Is it possible to effectively combine wealth building with Estate Planning?

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Introduction

Following the article ‘Alternatives to company structures in tax effective investing’ a number of financial advisers are interested to know when you would recommend a bond structure in a client’s portfolio. And at what particular life stage would you recommend an investment bond strategy?

Most clients typically spend a lifetime saving and building wealth for their retirement. However, if estate planning is not taken into account when considering wealth-building options, it could result in some severe unforeseen consequences.

Generally, building wealth, retirement and estate planning are planned for in isolation. The reality is that these matters do not operate in isolation of each other and overlaps must inevitably occur. For example, in retirement, wealth building must be considered to manage ongoing longevity and inflation risks.

Clients can spend a lifetime building wealth and in some cases failing to put an effective estate planning solution in place, and can leave loved ones facing dire consequences in the event of death. This results in:

  • Distribution to the wrong beneficiaries
  • High legal fees
  • Lengthy delays in accessing estate proceeds
  • Erosion of wealth due to taxation implications

Financial Planning

Estate Planning – a core component of financial planning best practice includes wealth accumulation, retirement spending and estate planning therefore an integrated approach is needed. The diagram below illustrates integrating estate planning into the financial planning process.

 

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Finding a solution

Identifying the most appropriate wealth-building products that can also be utilised for an effective estate planning solution and asset protection is key to finding a solution. In seeking the answer, we first consider the typical alternative below.

Unit trusts, shares and term deposits are examples of typical investment structures used for wealth creation. However, in the event of death, most investment products form part of the estate and may be caught up in any actions taken against the estate. It is also left to the executor to make decisions about the distribution in accordance with the terms of the will.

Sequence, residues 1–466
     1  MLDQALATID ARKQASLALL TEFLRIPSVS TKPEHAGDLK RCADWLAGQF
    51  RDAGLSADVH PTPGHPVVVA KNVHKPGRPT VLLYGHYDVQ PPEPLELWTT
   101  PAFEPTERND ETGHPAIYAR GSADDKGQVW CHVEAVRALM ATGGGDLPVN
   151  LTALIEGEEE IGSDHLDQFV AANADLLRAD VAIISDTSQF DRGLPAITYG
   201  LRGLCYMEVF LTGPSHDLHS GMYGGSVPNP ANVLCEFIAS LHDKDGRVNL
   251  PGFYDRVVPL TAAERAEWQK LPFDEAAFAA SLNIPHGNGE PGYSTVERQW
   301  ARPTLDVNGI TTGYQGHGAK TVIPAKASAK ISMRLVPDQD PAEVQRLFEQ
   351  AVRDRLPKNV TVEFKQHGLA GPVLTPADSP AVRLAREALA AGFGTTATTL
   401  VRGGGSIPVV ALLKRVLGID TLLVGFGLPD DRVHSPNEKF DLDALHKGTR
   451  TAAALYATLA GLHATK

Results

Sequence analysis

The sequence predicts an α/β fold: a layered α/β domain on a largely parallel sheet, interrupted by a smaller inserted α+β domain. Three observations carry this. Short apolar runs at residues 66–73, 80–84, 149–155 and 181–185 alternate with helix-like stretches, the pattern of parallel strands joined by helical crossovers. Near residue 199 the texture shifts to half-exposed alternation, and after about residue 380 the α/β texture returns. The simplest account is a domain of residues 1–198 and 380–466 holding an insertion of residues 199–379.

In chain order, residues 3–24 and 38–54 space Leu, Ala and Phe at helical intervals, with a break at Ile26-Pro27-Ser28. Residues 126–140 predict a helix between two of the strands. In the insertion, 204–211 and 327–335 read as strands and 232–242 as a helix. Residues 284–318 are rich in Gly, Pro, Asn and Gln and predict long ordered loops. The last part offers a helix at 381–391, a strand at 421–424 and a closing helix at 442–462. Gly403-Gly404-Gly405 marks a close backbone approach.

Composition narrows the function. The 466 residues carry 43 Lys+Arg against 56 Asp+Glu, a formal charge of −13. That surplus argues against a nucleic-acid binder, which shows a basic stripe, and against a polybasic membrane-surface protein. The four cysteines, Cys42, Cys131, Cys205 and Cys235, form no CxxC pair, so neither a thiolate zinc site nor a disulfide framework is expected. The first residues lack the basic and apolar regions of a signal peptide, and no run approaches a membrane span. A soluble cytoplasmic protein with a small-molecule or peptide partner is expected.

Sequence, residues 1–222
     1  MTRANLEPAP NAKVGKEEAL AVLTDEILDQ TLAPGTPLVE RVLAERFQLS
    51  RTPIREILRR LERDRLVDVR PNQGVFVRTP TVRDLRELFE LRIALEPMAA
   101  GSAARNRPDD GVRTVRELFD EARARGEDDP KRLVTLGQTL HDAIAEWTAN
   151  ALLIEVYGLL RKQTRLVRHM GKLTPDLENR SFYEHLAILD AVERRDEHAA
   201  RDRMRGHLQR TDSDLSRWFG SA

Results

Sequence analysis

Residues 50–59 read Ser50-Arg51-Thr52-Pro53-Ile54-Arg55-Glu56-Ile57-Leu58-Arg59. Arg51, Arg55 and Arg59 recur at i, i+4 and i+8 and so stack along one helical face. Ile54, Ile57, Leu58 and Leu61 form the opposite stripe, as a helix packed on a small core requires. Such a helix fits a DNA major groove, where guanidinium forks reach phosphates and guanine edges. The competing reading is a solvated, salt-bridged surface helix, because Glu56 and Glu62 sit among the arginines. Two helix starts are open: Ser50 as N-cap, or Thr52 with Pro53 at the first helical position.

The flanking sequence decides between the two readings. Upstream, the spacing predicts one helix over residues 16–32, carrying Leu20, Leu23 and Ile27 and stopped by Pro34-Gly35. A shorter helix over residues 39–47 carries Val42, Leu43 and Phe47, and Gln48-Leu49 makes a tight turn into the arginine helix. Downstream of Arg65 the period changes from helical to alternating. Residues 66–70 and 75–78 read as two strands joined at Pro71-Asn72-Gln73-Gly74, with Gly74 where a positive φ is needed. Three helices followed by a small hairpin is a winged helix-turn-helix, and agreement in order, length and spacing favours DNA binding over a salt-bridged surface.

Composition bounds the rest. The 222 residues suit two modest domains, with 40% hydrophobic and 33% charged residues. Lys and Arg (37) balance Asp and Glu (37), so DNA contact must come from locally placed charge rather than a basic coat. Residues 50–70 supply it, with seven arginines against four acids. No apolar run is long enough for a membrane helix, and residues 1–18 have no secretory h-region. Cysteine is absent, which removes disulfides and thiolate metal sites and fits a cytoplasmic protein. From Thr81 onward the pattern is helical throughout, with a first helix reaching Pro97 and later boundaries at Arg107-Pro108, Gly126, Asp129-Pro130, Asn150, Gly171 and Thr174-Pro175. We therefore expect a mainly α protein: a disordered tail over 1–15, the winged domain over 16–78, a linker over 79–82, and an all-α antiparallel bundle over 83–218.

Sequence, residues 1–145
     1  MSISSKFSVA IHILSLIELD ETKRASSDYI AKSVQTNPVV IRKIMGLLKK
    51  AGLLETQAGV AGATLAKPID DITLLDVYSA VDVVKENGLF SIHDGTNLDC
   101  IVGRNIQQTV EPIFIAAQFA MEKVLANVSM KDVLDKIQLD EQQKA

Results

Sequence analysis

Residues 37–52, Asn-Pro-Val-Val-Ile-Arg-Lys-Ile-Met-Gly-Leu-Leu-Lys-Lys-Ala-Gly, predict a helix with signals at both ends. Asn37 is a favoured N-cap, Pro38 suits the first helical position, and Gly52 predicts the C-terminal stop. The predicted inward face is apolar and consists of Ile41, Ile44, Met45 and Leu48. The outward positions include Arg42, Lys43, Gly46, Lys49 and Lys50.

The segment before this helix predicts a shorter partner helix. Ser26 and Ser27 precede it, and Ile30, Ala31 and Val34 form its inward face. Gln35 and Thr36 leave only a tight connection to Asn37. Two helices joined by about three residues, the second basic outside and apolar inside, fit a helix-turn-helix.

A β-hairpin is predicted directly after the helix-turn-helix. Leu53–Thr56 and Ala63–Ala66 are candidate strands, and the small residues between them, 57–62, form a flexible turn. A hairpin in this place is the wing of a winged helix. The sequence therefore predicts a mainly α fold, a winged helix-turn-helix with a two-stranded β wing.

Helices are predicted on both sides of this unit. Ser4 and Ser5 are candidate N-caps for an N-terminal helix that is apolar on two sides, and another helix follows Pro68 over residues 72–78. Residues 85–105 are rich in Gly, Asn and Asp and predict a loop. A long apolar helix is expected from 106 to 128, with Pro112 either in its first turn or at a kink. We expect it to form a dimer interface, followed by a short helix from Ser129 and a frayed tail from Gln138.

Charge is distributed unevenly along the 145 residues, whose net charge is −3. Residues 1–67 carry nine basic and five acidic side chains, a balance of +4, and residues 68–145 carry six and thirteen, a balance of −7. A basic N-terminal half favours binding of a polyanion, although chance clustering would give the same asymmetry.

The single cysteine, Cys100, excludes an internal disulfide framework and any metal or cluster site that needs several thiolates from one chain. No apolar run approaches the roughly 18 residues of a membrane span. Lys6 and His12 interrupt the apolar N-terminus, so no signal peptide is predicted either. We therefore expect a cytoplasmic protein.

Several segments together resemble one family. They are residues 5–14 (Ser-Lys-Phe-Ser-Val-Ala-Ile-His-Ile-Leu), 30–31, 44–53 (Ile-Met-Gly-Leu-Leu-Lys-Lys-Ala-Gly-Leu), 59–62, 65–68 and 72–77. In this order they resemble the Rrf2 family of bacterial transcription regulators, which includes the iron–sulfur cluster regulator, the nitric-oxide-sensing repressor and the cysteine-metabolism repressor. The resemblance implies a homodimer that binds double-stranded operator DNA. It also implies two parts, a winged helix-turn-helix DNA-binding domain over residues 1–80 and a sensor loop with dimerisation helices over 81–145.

These actions can’t be executed until probate or letters of administration are obtained. The whole process could take months or even years if the estate is complicated or being disputed. Once distributions are made, tax may be payable by either the estate (if assets are sold) or the beneficiary when assets received from the estate are subsequently sold.

Statistics suggest that about 45% of people who die each year in Australia do not have a valid will (intestate).

Many don’t get around to writing a will. People experience a change in circumstances (such as divorce or marriage), which may invalidate a will. Errors in executing a will can also cause it to be invalid.

If someone dies intestate, assets that fall into the estate will be distributed according to the relevant state laws.

Often, investment structures may be effective in building wealth, but do not offer protection from an estate planning perspective. What is ideally required is an investment product where the death benefits can be directed to a nominated beneficiary, and where investment proceeds can be transferred with no additional tax liabilities to dependent and non-dependent beneficiaries, regardless of how long the investment has been held.

Investment Bonds

Investment bonds may provide greater simplicity and control over death benefits than other investment products. From an estate planning perspective, the benefit of an investment bond is that death benefits can readily be directed to a nominated beneficiary. Those investment proceeds are transferred tax-paid to dependent and also non-dependent beneficiaries. In this regard, the bonds are held under life insurance legislation and are taxed internally at the rate of 30%.

Building wealth in an investment bond may therefore very effectively reduce the risk of disputes over estates, provide more control to the investor, and may ultimately enable the benefits to be paid more quickly and more tax-effectively.

With an investment bond, if a beneficiary is nominated, the proceeds fall outside the estate and will be paid directly to the beneficiary or entity regardless of whether a valid will exists or not.